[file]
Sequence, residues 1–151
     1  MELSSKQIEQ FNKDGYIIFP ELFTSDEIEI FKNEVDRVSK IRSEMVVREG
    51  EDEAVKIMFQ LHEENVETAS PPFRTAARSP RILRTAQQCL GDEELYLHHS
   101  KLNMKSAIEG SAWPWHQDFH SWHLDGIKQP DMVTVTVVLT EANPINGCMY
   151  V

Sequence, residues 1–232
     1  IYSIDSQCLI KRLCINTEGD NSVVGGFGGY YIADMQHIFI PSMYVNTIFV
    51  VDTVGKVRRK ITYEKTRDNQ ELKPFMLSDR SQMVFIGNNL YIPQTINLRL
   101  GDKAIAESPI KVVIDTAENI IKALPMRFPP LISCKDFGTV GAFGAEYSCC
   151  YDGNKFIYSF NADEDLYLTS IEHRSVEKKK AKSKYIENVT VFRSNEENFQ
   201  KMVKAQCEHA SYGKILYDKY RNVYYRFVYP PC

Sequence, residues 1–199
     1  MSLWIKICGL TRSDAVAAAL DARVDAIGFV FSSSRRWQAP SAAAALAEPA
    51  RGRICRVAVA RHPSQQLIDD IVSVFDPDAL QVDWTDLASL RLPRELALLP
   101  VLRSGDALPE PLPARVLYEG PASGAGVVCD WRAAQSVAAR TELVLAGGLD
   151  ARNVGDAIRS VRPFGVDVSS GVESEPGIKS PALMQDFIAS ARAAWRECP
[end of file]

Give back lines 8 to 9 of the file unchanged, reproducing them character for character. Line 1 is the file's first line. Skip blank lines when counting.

    51  VDTVGKVRRK ITYEKTRDNQ ELKPFMLSDR SQMVFIGNNL YIPQTINLRL
   101  GDKAIAESPI KVVIDTAENI IKALPMRFPP LISCKDFGTV GAFGAEYSCC